Part One: Footfalls • Name:

The number of footsteps for ten Mondays as recorded by a clip on pedometer are shown in the table.

Pedometer data
Monday Footsteps

For the number of footsteps on the ten Mondays above:

  1. _________ Determine the sample size n.
  2. _________ Calculate the sample mean x.
  3. _________ Determine the median.
  4. _________ Determine the mode.
  5. _________ Determine the minimum.
  6. _________ Determine the maximum.
  7. _________ Calculate the range.
  8. _________ Calculate the sample standard deviation sx.
  9. _________ Calculate the sample Coefficient of Variation.
  10. _________ Determine the class width. Use 5 bins (classes or intervals)
  11. Fill in the following table with the class upper limits in the first column, the frequencies in the second column, and the relative frequencies in the third column
    Bins Frequency Relative Frequency f/n
    _________ _________ _________
    _________ _________ _________
    _________ _________ _________
    _________ _________ _________
    _________ _________ _________
    Sums: _________ _________
  12. Sketch a histogram of the relative frequency data on the back of the paper.
  13. _________ What is the shape of the distribution?
  14. _________ Using the relative frequencies in the table above, what is the probability that a Monday will have 9456 or more footsteps?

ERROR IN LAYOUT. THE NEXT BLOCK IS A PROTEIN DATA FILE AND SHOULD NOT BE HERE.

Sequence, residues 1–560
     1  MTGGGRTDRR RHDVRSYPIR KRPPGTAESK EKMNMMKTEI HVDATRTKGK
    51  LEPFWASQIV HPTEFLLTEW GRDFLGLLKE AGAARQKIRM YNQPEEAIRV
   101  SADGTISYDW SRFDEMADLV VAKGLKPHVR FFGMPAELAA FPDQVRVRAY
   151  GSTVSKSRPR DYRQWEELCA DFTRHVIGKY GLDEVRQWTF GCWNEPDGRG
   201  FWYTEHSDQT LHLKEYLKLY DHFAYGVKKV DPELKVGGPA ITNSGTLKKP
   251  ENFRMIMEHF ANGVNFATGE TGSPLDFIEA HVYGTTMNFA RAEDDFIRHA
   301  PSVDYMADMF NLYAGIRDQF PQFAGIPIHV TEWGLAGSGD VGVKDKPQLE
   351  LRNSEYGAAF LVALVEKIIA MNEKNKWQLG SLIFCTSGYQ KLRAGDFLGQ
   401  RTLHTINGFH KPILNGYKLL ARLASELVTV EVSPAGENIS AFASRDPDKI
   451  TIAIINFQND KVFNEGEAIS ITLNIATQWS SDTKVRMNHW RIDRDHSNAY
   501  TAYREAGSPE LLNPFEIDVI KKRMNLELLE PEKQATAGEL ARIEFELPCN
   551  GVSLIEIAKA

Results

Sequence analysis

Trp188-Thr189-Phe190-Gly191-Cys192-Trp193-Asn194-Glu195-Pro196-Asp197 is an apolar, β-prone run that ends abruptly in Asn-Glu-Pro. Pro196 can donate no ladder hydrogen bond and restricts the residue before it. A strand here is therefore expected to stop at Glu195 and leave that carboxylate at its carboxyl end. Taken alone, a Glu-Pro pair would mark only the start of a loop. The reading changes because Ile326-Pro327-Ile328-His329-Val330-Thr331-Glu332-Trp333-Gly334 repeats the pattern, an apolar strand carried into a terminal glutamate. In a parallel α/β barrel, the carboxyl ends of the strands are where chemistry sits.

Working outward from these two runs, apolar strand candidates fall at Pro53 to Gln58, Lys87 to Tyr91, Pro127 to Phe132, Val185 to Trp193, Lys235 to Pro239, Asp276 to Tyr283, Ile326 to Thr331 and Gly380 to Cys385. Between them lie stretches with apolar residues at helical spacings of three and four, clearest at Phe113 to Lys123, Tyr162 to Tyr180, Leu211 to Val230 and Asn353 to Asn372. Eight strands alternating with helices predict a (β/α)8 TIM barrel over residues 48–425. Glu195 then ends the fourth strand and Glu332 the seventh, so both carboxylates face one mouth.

15. Construct a 95% confidence interval for the population mean µ footsteps for Monday. Note that n is less than 30. Use the sample size, sample mean and sample standard deviation from questions one, two, and eight above to generate your t-critical tc and error tolerance E.
    1. __________ How many degrees of freedom?
    2. __________ What is tc?
    3. The error tolerance E = _______________
    4. The 95% confidence interval for the Monday mean µ is ____________ ≤ µ ≤ ____________
  16. __________ Suppose a population mean number of footsteps for any day of the week is found to be 7660 footsteps. Based on the above data and a 95% confidence level, is the Monday mean statistically significantly different at a confidence level of 95% from 7660 footsteps?
  17. __________ Using 7660 footsteps as the population mean and the sample size, sample mean and sample standard deviation from questions one, two and eight, calculate the t-statistic .
  18. __________ Determine the p-value using the t-distribution.
  19. __________ What is the largest confidence interval c for which this change is statistically significant?
  20. ________________________________________Given a null hypothesis of H0: µ = 7660 and an alternate hypothesis of H1: µ ≠ 7660, would we reject the null hypothesis or fail to reject the null hypothesis that a sample with a size specified in question one, a mean from question two, and a standard deviation as found for question eight could have come from that population at an α = 0.05.
  21. Explain the statistical meaning of alpha:

golfdropmeterstick (3K)Part Two